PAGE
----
Last year, I really wanted to travel to Asia. I had never been before and I felt like it was time to go. While I can’t remember exactly how it was decided, my dad and I agreed to travel together and to time the trip to so that I could run the Hong Kong Half Marathon. I was excited! The half would be my first international race – okay first race outside of North America. I have run many times in the U.S. before.
The Hong Kong Marathon lets runners chose from three different distances – the full, the half and a 10K. I decided on the half for two reasons (1) I didn’t want to train for a full during the winter months and (2) I wanted a race longer than a 10K.
Registration for the Hong Kong Marathon is through a lottery that opens in the fall. I put my name into the hat and crossed my fingers. In December, I received an email that I was in! Awesome!
Since I wasn’t sure how well I would handle jet lag and a 15+ hour flight, the plan was just to have fun and finish the race. So training was on the easier side; I regularly did easy-paced runs regular with longer distances on the weekends.
Packet-pick up was at the Kowloon Park Sports Center. It was easily accessible by car or by public transit at the Tsim Sha Tsui station. I went shortly after it opened on Friday morning and there were no lines. I was in and out in almost no time at all.
Twelve hours before the start of the race, I was hit with a stomach bug. The timing was unfortunate. I wasn’t sure whether I should be running, and I wished I had at least another 24 hours to recover.
After talking it over with a few friends (thank goodness for early birds), I decided I would sleep on it and at least start the race. With an 08:00 start, I felt as long as I had stopped throwing up, I would be okay to go.
I woke up after a good eight hours of sleep and felt well enough to get dressed. I still had a slight stomach cramp so I was limited with food. I decided to use run/walk intervals as I knew I wouldn’t have much energy and would start the race dehydrated. Luckily, the start line was a quick five minute walk from the hotel and I was able to take my time getting ready that morning.
At 08:00, we were off! No national anthems or anything like that but there was a countdown and confetti! The course started in Kowloon on city streets and then runners headed out onto a closed section of highway and onto the finish line in Hong Kong. Despite the area in Hong Kong being somewhat hilly, the course itself was relatively flat. There were a few inclines but nothing difficult. Water stations were located about every 5K and had water and a sports drink option. Some stations had bananas and Dove chocolate!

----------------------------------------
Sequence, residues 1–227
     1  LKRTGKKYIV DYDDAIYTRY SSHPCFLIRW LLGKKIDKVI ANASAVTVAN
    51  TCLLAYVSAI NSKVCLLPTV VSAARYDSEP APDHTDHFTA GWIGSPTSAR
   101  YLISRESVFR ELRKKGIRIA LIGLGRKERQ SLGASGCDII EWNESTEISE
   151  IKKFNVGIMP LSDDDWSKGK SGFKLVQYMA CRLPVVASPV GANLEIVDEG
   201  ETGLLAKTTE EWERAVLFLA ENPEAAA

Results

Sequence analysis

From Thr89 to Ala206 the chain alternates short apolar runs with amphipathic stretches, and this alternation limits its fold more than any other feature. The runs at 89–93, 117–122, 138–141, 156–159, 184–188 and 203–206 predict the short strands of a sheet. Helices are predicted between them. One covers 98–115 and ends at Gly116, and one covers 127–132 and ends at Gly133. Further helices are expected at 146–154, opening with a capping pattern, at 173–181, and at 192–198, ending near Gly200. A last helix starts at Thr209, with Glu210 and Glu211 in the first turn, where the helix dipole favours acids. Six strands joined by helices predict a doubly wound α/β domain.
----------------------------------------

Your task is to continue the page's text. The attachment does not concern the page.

After 5K, the run/walk intervals were becoming increasingly difficult. I slowly increased the walking breaks until I was about 18K in and just walked from that point until I saw the finish line.
Below are a few pics I took at different points during the race.
I finished in 2:55:15 which was far worse than any half I had run but I could still say I finished my first race in Asia!
Though I wish things had gone differently, I enjoyed the race. Packet pick up was easy and well organized. There were a lot of course marshals and medical personnel on hand. The water stops were well stocked and placed on both sides of the course, definitely a plus given the size of the race. There were a ton of people out cheering during the first few kilometres in Kowloon and especially on the last three kilometres in Hong Kong.
The things I didn’t like were the narrow sections of the course that remained crowded with runners. Even with wave start times, the course never thinned out until we reached the turnaround point in Kowloon. The course became crowded again around the last kilometre to the finish. Given those kinds of conditions, I feel the course would be difficult to run for time.
Runners also need to be aware of the time limit for the race they’re running. The cut off for the half was 3:00 and I was pretty close but was sure I was okay as long as I could see the finish. But one of my running friends said someone he knew was cut off 200 metres from the finish line. That’s pretty harsh.
My last minor criticism is that we didn’t get a medal. I usually don’t care about medals – I have a drawer full of them at home. Maybe I missed the race information that mentioned only full finishers get them. But because the Hong Kong Half Marathon was my first race in Asia, it would have been nice to get one. I’m sure I’m not the first international runner to feel that way. Perhaps that’s something for the race organizers to consider for the future. Or just give medals to the top finishers and the top age group finishers.
I’d think about coming back to run the Hong Kong Half Marathon but for now it’s a “one and done” race mostly because of the distance and expense involved with travelling to Asia. I haven’t decided on any spring races just yet except for the Sporting Life 10K but here’s hoping I can run the next race under better conditions.
Stay tuned for a photo essay from the rest of my trip – I’ll have pictures from Hong Kong, Maccau, Shanghai, Beijing and much more.
Thank-you for reading!